Saturday, October 17, 2009

Diwali without sparks, but doesn't miss the mark

It is nearly 7 years since I celebrated my last Diwali at "home". Running down the memory lane, Diwali always has been very special. Getting up very early in the morning, taking an oil bath, wearing brand new dresses, day full of delicious food, special occasion sweets/savories, oh... how can I forget the smell and sound of crackers. In fact, on the day of Diwali, most of us are woken up only by the sound of the crackers. As a kid, I never had a proper sleep on the day before Diwali. Primarily because of the curiosity/excitement and partly because people start to fire high sounding crackers very early in the morning. I'm sure this is not a one-off experience. Many of you would've had a similar experience during your childhood.

Things have changed drastically over the last several years. Today, I was waiting for the cracker noise to wake me up. But, I didn't hear any cracker sound until 7 am in the morning. So, I was very disappointed. Later, I learned that there is a rule not to fire crackers between 10 pm - 6 am. My mom/wife have been literally living in the kitchen for the last 2 days, preparing lots of delicious food, non-stop.

Chennai is now very different from the Madras that I saw, growing up. There are not THAT many shops selling crackers. People (at least the educated), are more aware of the impacts of bursting crackers. Hearing repeatedly about global warming & climate changes in TV/Radio & News, people to some extent, have minimized the bursting of crackers. Moreover, TV channels are competing with each other to glue their audience to the couch by broadcasting 'highly tempting' programs. People don't even mind the non-stop advertisements. Almost all the TV channels are broadcasting 'thiraiikku vandhu sila madhangaleay aana" kind movies (i.e., very recent movies). In another 20 years or so, I believe people will almost drop the habit of bursting crackers on the Diwali day.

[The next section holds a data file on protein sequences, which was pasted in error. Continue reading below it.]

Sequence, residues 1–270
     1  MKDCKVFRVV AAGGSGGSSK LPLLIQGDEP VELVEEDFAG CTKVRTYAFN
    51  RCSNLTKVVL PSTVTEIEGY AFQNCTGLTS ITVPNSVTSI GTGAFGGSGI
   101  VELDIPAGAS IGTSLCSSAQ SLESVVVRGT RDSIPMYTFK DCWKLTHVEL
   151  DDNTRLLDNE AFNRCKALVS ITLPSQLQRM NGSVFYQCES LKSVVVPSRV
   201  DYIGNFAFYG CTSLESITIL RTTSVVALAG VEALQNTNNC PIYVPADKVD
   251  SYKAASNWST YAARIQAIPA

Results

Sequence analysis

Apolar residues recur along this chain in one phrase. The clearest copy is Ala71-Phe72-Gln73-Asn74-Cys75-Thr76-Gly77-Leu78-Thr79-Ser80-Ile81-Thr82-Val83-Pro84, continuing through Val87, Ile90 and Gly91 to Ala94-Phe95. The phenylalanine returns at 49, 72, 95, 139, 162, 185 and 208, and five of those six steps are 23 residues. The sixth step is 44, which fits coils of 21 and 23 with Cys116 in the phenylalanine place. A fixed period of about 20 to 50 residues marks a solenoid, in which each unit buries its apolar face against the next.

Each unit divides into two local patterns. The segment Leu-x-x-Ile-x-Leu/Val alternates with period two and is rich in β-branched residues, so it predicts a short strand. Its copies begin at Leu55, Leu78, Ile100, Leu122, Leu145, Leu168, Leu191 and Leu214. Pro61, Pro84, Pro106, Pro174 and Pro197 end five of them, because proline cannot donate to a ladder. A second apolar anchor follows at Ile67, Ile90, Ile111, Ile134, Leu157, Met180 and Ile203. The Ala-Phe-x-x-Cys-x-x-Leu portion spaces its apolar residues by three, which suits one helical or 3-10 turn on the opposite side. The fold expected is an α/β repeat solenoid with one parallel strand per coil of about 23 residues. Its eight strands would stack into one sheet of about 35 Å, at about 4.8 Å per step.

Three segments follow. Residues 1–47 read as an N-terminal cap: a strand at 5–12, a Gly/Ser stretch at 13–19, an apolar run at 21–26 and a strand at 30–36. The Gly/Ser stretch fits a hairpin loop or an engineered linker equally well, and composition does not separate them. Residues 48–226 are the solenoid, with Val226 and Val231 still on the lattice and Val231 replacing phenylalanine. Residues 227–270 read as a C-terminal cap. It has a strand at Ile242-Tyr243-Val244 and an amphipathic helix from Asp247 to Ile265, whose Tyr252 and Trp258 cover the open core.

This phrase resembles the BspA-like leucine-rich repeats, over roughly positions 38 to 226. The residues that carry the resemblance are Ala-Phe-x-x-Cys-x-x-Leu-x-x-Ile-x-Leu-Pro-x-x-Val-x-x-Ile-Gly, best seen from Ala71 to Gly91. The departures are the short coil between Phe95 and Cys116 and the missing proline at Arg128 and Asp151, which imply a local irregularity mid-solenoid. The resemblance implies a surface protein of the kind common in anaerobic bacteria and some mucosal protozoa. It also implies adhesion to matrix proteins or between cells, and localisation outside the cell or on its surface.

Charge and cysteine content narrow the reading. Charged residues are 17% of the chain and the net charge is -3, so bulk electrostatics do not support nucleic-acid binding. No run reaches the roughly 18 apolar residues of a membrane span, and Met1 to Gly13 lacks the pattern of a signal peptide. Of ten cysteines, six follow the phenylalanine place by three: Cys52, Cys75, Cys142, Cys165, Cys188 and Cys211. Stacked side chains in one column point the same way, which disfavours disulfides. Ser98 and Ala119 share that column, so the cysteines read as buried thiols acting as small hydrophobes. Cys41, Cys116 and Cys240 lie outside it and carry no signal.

Diwali is still comparable to Christmas celebrations in US. Diwali creates a busy shopping season. Shops are offering deep discounts to attract buyers during the tough times. People spend a lot of money on dresses, house hold items, gold etc., There are new movies released during Diwali (Aadhavan from Suriya & Peranmai from Jeyam Ravi).

Overall, it is wonderful to celebrate Diwali in India. It gives an opportunity to call friends/relatives, whom we haven't touch based for a long time. It gives an opportunity for us to exchange sweets with neighbors. It also, brings lots of excitement to kids. In simple words, Diwali is fun ... fun... nothing but fun.

Also read:

Ganesh Chathurthi in India

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